AT&T blocks Google Hangouts video chats on Android


AT&T Mobility (NYSE:T) is blocking video chat features integrated into Google's (NASDAQ:GOOG) new Hangouts messaging service for Android.

The standalone Hangouts app--introduced Wednesday and also available for Apple's (NASDAQ:AAPL) iOS and the Web--integrates text, photo and video interactions into one service, rivaling over-the-top messaging efforts like WhatsApp, Viber and BlackBerry (NASDAQ:BBRY) Messenger. SlashGear reports that video chat functionality is disabled on AT&T Android devices connected to the operator's cellular network, although the feature is accessible over Wi-Fi connections. iOS users can send and receive video calls over the AT&T cellular network as well.

"All AT&T Mobility customers can use any video chat app over cellular that is not pre-loaded on their device, but which they download from the Internet," the operator explained. "For video chat apps that come pre-loaded on devices, we offer all OS and device makers the ability for those apps to work over cellular for our customers who are on Mobile Share, Tiered and soon Unlimited plan customers who have LTE devices. It's up to each OS and device makers to enable their systems to allow pre-loaded video chat apps to work over cellular for our customers on those plans."

The Verge speculates that from AT&T's perspective, Hangouts--available for download from the Google Play storefront--still constitutes a "preloaded" app because it replaces Android's built-in Google Talk app. At the same time, Hangouts does not replace existing functionality baked into iOS, explaining why the Apple version supports video chat. Adding to the confusion, AT&T also supports similar preloaded services like BlackBerry Messenger and Apple's FaceTime, although for a time the carrier limited FaceTime access to subscribers with AT&T Mobile Share plans or LTE-capable devices.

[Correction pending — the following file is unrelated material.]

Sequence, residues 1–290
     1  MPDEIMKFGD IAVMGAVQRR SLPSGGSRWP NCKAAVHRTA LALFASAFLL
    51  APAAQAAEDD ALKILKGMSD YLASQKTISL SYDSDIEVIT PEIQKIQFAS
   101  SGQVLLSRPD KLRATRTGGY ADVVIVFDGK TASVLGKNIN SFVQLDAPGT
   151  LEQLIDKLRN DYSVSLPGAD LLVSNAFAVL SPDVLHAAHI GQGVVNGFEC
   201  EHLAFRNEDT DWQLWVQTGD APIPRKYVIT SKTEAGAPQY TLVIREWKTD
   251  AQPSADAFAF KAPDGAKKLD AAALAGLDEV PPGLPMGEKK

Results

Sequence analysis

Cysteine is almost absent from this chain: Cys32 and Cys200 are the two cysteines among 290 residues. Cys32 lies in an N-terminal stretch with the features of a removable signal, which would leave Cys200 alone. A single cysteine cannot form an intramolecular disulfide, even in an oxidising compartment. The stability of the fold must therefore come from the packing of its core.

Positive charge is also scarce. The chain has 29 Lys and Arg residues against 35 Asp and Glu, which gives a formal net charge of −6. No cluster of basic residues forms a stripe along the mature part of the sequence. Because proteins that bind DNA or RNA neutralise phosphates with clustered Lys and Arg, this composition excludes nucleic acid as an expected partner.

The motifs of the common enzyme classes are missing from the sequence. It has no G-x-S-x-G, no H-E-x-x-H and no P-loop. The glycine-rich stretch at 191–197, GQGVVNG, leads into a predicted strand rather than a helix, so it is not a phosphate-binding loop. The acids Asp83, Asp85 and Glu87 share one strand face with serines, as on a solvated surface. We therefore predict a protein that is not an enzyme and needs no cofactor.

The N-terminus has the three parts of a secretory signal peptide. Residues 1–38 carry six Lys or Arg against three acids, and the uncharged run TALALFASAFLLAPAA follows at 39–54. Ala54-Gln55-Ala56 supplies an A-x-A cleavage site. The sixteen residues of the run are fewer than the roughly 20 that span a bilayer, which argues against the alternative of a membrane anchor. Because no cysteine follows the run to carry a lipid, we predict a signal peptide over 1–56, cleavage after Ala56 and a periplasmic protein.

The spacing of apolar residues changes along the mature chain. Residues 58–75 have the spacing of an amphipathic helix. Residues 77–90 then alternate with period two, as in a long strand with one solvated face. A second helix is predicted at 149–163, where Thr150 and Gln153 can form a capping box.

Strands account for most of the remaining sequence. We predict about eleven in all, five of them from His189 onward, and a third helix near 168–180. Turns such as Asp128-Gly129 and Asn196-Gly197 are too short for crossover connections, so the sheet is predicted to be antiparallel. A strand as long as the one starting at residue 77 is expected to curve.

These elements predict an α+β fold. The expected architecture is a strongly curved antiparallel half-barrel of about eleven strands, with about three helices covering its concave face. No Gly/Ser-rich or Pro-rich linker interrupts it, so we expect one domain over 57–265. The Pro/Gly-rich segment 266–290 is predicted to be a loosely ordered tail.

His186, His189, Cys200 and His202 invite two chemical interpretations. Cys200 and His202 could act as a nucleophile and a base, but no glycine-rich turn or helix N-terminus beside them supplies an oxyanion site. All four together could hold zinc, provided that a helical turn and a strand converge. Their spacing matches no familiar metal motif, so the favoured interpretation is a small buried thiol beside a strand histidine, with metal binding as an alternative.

AT&T has not responded to requests to clarify its position. Google and Samsung representatives did not immediately respond to requests for comment.

Google unveiled Hangouts Wednesday during its annual I/O developer conference. The app supports group video conversations "at no charge," and users can initiate a video conversation with the tap of a button. According to Google Senior Vice President of Social Vic Gundotra, Hangouts "is a list of conversations, not contacts," adding that interactions can last years and can span across multiple devices. "The conversation feels alive," he said. "It really feels like you're in the same room together."

Hangouts will challenge FaceTime as well as Apple's cross-platform iMessage service. Hangouts also gives Google a leg up on BlackBerry, which earlier this week pledged to expand Messenger to additional platforms by rolling out native BBM apps for Android and iOS this summer.

For more:
- read this SlashGear article
- read this Verge article

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